Voyager had come to a close, and that was pretty sad because it took awhile to find its feet, but it had really defined itself over its final seasons. And then right at the end, Seven of Nine hooks up with Chakotay and suddenly it sucks again. Closing how it opened, I guess. The full circle of Voyager’s struggle to define its characters. (I love Voyager, I just get all cynical and mean-spirited when I’m talking about Enterprise.)

Trekkies needed someplace to go. We weren’t ready for the mean streets of a primetime television landscape dominated by cops and lab technicians and everybody being murdered all the time. Thirteen years of space diplomacy had made us all soft as summer peaches, and Enterprise was supposed to salve the wounds and keep us going. With Dr. Samuel Beckett in the captain’s chair! Hooray!

Tons of people tuned in at first, the audience from Voyager completely transferred, and there was a noticeable new audience as well. People who liked a little more grit in their sci-fi and were looking to see how, as a prequel series, Enterprise might be able to change their interpretation of Star Trek as the clean and happy future. But this massive initial audience slowly started to notice something:

Enterprise sucked.

Like, a lot.

For starters, it had a difficult time defining its core alien species and their values. This was a surprising and confusing problem for them to have, since their core alien species was Humanity. But none of the humans seemed like… humans. And none of the Vulcans seemed like Vulcans. They seemed like cartoons of Star Trek humans and Vulcans, caricatures instead of characters. There were some great actors in the cast, but doing a great job of reading shitty lines doesn’t magically make them un-shitty.

Then there was the metronome problem. Instead of letting it tick along until it settled, they were always trying to change its direction. The temporal cold war was dropped in favour of the Season Three Xindi arc which was, officially, the longest and stupidest story any Star Trek show ever tried to tell. A close second was the nauseating romance between T’Pol and Chief Engineer Man-Candy, who was apparently allergic to walking around fully dressed for an entire episode.

Heavy-handed metaphors for the U.S. involvement in Iraq abounded, with melodramatic subplots about Vulcan HIV cropping up in nonsensical ways. If you stayed in your seat for the whole ride, your heart ached as your mind rebelled against the Klingon augment storyline. And you often wondered how come the whole thing wasn’t about the dog, since he was the only character who was written consistently.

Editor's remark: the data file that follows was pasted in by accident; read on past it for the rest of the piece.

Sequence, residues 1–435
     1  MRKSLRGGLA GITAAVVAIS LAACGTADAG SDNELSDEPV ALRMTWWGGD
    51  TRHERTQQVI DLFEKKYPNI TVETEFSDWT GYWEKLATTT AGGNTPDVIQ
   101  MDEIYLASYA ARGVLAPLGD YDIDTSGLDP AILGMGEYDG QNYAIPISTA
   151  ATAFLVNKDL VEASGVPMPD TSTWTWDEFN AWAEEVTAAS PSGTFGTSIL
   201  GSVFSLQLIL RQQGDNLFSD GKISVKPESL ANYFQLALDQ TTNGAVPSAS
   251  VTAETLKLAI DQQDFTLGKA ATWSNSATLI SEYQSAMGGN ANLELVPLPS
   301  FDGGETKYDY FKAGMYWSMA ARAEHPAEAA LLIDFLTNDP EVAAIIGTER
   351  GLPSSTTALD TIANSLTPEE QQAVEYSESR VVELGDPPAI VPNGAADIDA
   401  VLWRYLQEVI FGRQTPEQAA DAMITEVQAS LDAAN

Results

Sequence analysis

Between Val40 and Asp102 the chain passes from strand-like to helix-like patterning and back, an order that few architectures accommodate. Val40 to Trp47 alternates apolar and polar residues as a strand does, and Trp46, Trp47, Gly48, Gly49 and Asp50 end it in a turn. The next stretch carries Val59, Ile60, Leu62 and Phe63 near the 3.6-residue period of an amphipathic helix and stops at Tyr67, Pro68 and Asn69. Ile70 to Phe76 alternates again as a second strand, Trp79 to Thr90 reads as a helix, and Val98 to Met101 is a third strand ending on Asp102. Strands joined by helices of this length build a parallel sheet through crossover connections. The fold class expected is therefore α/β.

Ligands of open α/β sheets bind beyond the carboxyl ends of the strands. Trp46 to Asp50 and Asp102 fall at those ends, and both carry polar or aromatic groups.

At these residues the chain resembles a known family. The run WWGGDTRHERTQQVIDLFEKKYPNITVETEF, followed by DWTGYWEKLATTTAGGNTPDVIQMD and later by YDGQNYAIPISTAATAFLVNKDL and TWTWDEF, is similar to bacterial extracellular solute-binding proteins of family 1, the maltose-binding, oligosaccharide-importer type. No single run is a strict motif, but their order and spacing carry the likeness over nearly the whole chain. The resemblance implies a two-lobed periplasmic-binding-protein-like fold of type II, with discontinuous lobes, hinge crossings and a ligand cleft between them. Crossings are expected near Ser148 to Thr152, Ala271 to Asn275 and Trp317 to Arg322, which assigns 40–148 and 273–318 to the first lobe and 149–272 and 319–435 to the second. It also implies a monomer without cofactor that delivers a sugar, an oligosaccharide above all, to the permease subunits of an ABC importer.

Obviously, when it became apparent that the show was just unrepentantly bad, people stopped watching it. Supporters sometimes say that the ratings were inaccurate because they didn’t take into account DVR usage, since it was a new technology. But I was there, man. I remember. People stopped watching the damn show. And, you know, Star Trek is pretty expensive to make. So it got cancelled.

But then…

Like a ballerina who can only really dance when she has no audience, Enterprise started to find its damn feet.

In Season Four, the Xindi shit parade was pushed aside, and even though some tremendously stupid things happened (augment virus), Enterprise began to feel less like a misguided mash-up of a Star Trek doujinshi and the lamest parts of BSG, and more like… an actual Star Trek series. There were good episodes. Not like episodes that were good compared to other episodes of Enterprise, but actually good episodes. By normal entertainment standards. The broken metronome finally started ticking in sync from its dusty place in the trash bin.

Sometimes, I could even get through the whole hour without feeling like somebody was poisoning my soul. It was great, but it was already over. The ink was dry on the cancellation. One last swan song, Commander Riker showing up and letting everybody know that it was just his stupid hologram so all letters of complaint should be addressed to him, and a key cast member dying too late for me to enjoy it. Over. The potential had officially been squandered.

The Scott Bakula Star Trek was the worst Star Trek.

Sometimes, it feels like we were all tricked into some kind of Faustian bargain. “Yes, we’ll get a great actor to play the next captain!” The devil said with a chuckle, leaning back in his chair at UPN, “The captains are always great actors!”

Fuck you, devil.

Fuck you.